- If you didn’t have the patience to wade through the Senate summary–and who does/would/could?–you can read what Senator Andy Manar (D-Bunker Hill ), SB1’s main sponsor, had to say about the governor’s AV of SB1 (4):
(from a press release by Manar, quoted by capitolfax)
“From punishing schools for enrollment declines to penalizing them for their communities’ aggressive job-creation efforts, Republican Gov. Bruce Rauner appears to be lining up an all-out assault on Illinois’ long-standing commitment to public education.
And most of the unwitting victims in this battle are school districts that already are underfunded by the state of Illinois and struggling with growing numbers of impoverished students and other challenges.
‘What Gov. Rauner outlined in his veto of Senate Bill 1 this week would cause the state to pull back from its investment in public education at historic levels and starve public schools everywhere,’ said Senator Andy Manar, a Bunker Hill Democrat and a longtime school funding reform advocate. Manar is the chief Senate sponsor of Senate Bill 1.
‘This was never about a so-called “Chicago bailout.” This is about Bruce Rauner seizing upon an opportunity to get what he wanted all along: divestment in public education and shifting costs onto local taxpayers.’
In his veto of Senate Bill 1, Rauner proposed more than 100 changes to Senate Bill 1. Among them were provisions that pit schools against local economic development efforts (tax increment financing districts) and penalize schools for losing students.
Many downstate communities utilize TIF districts for job creation and economic development, and more than 360 school districts have seen enrollment declines for various reasons.
In addition, Rauner’s veto language suggests the state should pretend school districts have access to resources that they don’t so that the state is on the hook for less funding, forcing districts to make difficult decisions about asking for local property tax increases or making cuts. He went so far this week as to accuse them of purposefully hiding property wealth.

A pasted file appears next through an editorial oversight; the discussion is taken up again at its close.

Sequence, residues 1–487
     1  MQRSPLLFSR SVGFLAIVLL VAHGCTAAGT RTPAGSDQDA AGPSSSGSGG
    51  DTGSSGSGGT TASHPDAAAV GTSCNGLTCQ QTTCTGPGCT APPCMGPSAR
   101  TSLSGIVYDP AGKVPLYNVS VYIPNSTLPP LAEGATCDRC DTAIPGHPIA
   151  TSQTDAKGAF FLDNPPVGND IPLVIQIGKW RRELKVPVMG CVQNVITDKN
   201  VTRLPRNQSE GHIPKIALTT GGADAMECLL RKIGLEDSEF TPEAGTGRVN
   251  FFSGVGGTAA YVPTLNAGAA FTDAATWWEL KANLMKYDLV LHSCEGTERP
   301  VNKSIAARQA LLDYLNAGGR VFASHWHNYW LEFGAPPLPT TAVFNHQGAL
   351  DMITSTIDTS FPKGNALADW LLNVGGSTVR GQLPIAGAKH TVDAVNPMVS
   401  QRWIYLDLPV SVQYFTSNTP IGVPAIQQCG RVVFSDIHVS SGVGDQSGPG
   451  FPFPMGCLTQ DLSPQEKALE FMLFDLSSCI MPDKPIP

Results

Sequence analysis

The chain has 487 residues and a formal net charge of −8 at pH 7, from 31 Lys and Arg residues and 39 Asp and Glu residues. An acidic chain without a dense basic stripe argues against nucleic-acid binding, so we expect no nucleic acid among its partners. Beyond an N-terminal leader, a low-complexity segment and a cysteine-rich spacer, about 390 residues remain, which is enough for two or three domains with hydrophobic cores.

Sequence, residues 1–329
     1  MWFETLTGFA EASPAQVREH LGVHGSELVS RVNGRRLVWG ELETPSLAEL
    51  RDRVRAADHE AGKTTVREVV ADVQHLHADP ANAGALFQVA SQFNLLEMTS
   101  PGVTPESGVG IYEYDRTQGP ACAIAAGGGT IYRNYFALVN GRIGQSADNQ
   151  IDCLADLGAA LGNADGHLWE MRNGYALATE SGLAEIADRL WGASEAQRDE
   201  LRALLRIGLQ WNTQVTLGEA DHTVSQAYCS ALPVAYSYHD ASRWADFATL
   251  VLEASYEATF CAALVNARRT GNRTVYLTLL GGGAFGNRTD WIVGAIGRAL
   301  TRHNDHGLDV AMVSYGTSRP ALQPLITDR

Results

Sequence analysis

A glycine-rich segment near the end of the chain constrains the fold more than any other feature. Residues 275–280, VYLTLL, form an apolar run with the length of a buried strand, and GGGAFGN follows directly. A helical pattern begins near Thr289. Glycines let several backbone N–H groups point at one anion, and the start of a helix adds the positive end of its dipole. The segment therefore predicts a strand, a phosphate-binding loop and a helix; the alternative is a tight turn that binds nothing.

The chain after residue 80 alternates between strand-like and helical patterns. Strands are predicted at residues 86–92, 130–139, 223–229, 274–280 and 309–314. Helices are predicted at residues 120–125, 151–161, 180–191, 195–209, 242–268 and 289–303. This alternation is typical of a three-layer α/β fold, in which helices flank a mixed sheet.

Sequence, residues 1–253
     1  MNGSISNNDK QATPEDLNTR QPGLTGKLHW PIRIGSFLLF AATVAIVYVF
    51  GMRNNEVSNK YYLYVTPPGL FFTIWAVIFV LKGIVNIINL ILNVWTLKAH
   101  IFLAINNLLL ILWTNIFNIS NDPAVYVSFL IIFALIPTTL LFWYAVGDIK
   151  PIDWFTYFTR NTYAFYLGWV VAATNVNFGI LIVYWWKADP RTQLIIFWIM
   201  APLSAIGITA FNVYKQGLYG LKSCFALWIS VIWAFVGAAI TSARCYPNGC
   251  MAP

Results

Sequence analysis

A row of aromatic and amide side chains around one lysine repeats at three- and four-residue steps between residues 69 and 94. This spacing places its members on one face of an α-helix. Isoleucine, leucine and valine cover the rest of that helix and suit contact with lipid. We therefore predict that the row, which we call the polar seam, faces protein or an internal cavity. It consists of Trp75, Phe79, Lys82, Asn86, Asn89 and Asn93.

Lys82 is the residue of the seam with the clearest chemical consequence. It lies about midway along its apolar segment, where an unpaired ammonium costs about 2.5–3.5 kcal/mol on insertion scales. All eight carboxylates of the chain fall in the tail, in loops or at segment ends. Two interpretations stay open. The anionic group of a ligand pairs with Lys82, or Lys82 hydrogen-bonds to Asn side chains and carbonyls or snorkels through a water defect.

Manar said the veto language goes against everything Rauner has led people to believe about his commitment to public education.
‘Gov. Rauner has suddenly taken a hard right turn and abandoned all of his own policies and achievements to betray public schools – all within a matter of weeks,’ he said.
‘What the governor has proposed in his veto of Senate Bill 1 does not “make it a better bill,” as he continues to insist. Every lawmaker who signed on to support this veto before they saw the language was sold a bill of goods.
‘We need to override this veto, and we need to do it as soon as possible, because what Gov. Rauner has proposed will devastate Illinois schools and will set us back even farther than we are today.’”
- Best crib sheet we’ve seen to date (5):
“With school starting in just a few weeks, Governor Rauner shut the door on progress by issuing an amendatory veto (AV) of Senate Bill 1 (SB1), the education funding reform bill that provides more money to local schools without any school district losing a penny of state or local funding.
The most concerning components of the AV are as follows:
- The AV removes the Minimum Funding Level, an important factor for encouraging the legislature to continue making investments in school funding so that all districts are adequately funded. SB1 sets a goal of a 1% increase of the total state adequacy level each year. If the goal isn’t met, SB1 shields the most underfunded districts. The AV erases this incentive to provide reasonable school funding increases in the future.